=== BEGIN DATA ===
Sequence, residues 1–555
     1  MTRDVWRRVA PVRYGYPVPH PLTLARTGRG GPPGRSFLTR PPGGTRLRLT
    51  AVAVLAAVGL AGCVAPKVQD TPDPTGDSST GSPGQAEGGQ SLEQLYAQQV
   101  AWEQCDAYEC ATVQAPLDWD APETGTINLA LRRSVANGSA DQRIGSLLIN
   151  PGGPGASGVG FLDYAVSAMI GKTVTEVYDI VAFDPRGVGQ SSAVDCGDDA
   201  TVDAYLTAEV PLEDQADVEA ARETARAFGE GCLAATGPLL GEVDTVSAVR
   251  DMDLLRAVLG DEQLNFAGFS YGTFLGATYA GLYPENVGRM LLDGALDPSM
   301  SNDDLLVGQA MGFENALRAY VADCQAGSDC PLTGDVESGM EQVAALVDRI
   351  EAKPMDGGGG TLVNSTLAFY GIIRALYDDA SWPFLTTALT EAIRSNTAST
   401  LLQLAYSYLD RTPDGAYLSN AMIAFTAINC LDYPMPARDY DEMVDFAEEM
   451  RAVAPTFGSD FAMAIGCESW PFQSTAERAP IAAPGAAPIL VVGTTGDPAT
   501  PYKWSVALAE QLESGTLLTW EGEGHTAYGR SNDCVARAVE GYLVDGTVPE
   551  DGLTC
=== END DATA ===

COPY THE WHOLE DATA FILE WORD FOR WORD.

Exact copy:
Sequence, residues 1–555
     1  MTRDVWRRVA PVRYGYPVPH PLTLARTGRG GPPGRSFLTR PPGGTRLRLT
    51  AVAVLAAVGL AGCVAPKVQD TPDPTGDSST GSPGQAEGGQ SLEQLYAQQV
   101  AWEQCDAYEC ATVQAPLDWD APETGTINLA LRRSVANGSA DQRIGSLLIN
   151  PGGPGASGVG FLDYAVSAMI GKTVTEVYDI VAFDPRGVGQ SSAVDCGDDA
   201  TVDAYLTAEV PLEDQADVEA ARETARAFGE GCLAATGPLL GEVDTVSAVR
   251  DMDLLRAVLG DEQLNFAGFS YGTFLGATYA GLYPENVGRM LLDGALDPSM
   301  SNDDLLVGQA MGFENALRAY VADCQAGSDC PLTGDVESGM EQVAALVDRI
   351  EAKPMDGGGG TLVNSTLAFY GIIRALYDDA SWPFLTTALT EAIRSNTAST
   401  LLQLAYSYLD RTPDGAYLSN AMIAFTAINC LDYPMPARDY DEMVDFAEEM
   451  RAVAPTFGSD FAMAIGCESW PFQSTAERAP IAAPGAAPIL VVGTTGDPAT
   501  PYKWSVALAE QLESGTLLTW EGEGHTAYGR SNDCVARAVE GYLVDGTVPE
   551  DGLTC